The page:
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    Author David Livitt

     
    David Livitt is Global Practice Leader, Business Traveller & Remote Worker Solutions at GTN. He has over 18 years of experience in the area of mobility tax working with multinational companies of all sizes, assisting them and their employees to navigate the complexities that come with global mobility programs. With a view to managing corporate and employee individual tax compliance, there has been a growing trend to assist companies with their short-term business traveler populations to develop global governance structures, policy design, process management, and technology enabled solutions. David has successfully led and implemented a number of such global business traveler projects. +1.646.915.3301 | dlivitt@gtn.com
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    Tips for Handling Traveling Remote Employees and the Future of Business Travel

    As travel is slowly returning worldwide, and remote work is becoming truly remote, the key to having a successful remote workforce policy is to have a plan. Having an approach that essentially lets your employees freely choose where they work puts both the company and the employee at risk. And there are many risks ranging from health, duty of care, employee benefits, and insurance, to more operational aspects such as immigration, tax, payroll withholding, and social security. Below are some guidelines for how you can handle your traveling remote workforce.

    Brexit: A Very European Affair or Is It?

    In late December, the United Kingdom (UK) and the European Union (EU) finally reached a Brexit agreement. This agreement, called the EU-UK Trade and Cooperation Agreement (TCA), was approved on December 24, 2020 and is awaiting full ratification.

    Solving Risk and Compliance Concerns for your Mobile Workforce

    While COVID-19 continues to impact the world of business travel, there are still many companies with mobile workforces. Essential business trips didn’t stop when the pandemic hit for employees who continued to travel due to the nature of their job responsibilities. And in the current world climate, “mobile workforce” now includes remote working, work from anywhere, and commuting—all of which have seen an increase in popularity during the pandemic. While these work situations may be somewhat temporary, there are still tax risks and compliance requirements that need to be addressed.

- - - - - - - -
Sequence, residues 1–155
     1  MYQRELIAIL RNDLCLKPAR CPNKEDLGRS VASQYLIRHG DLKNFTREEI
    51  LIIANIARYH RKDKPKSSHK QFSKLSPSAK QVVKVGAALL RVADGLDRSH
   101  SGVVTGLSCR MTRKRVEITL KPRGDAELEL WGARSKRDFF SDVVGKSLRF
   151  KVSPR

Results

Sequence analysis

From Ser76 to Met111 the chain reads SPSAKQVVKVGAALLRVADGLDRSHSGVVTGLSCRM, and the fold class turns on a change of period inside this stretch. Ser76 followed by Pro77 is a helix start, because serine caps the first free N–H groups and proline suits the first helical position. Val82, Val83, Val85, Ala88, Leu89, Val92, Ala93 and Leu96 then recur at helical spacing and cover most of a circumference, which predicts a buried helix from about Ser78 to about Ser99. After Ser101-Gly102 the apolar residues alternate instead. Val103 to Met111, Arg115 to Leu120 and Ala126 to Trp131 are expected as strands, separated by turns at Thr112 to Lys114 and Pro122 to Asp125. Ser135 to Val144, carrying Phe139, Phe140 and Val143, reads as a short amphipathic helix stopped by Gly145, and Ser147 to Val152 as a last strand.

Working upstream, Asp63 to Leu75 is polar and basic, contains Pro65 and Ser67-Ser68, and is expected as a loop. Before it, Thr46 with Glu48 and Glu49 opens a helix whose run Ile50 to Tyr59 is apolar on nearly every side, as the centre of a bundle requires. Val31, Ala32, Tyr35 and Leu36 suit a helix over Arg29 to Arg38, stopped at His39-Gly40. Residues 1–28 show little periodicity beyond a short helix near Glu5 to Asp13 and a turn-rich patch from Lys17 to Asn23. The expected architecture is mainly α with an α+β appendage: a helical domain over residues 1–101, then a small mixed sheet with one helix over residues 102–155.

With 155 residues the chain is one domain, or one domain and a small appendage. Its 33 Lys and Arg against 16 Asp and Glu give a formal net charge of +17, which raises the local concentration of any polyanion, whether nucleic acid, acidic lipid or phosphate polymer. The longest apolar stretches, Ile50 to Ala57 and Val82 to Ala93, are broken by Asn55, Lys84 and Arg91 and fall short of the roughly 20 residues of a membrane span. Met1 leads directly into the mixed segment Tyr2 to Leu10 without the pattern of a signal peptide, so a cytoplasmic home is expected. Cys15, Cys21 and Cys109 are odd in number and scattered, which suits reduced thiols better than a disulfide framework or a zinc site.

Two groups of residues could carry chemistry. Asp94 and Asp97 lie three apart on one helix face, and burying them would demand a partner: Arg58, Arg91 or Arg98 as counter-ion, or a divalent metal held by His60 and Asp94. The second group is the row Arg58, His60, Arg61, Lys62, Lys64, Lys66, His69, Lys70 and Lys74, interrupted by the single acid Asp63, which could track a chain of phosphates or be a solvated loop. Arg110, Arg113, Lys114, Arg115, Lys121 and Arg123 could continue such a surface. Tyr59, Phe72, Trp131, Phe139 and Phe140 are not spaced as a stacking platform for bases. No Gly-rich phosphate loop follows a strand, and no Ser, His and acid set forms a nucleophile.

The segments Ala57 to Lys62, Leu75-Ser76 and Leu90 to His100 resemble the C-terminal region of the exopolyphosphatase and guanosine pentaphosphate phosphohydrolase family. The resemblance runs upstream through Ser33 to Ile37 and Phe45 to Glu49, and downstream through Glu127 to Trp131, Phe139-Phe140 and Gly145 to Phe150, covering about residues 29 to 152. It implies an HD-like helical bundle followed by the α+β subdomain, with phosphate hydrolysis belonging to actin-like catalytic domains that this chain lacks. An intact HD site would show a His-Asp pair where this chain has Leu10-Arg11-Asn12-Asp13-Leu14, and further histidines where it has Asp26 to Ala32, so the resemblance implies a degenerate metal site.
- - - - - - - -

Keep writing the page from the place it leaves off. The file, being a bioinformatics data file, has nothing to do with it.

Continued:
Is Business Travel Dead?

    Colleagues, peers, mobility professionals, and even my kids have asked me if COVID-19 means the end of business travel. And over the past two months, the traditional questions being asked have changed from a focus on business travel issues, the need to track business travelers, and how to manage the process, to questions about working through country travel bans, tax exemptions, and the immediate mobility tax risks of employees being in a location they might not have expected to be in. While we don’t have all the answers, we are working through these questions, determining next steps, and creating solutions together that can be used well into the future.

    COVID-19 and Global Mobility Tax Issues

    As coronavirus (COVID-19) continues to spread around the globe, many companies are beginning to issue travel bans on their staff—or certainly banning non-essential travel. Companies are also working to determine next steps for mobile employees who are on extended business trips or longer-term assignments. These employees may find themselves stranded in a location other than their Home country or their company may be trying to evacuate them from a “hot area.”

    What to anticipate in a Post-Brexit Europe

    UPDATED: February 7, 2020 

    On January 31, 2020 the UK left the EU and has entered into an 11-month transition period. Now that this departure has taken place, it is a good time to carefully review the impact this will undoubtedly have on employees assigned to the EU.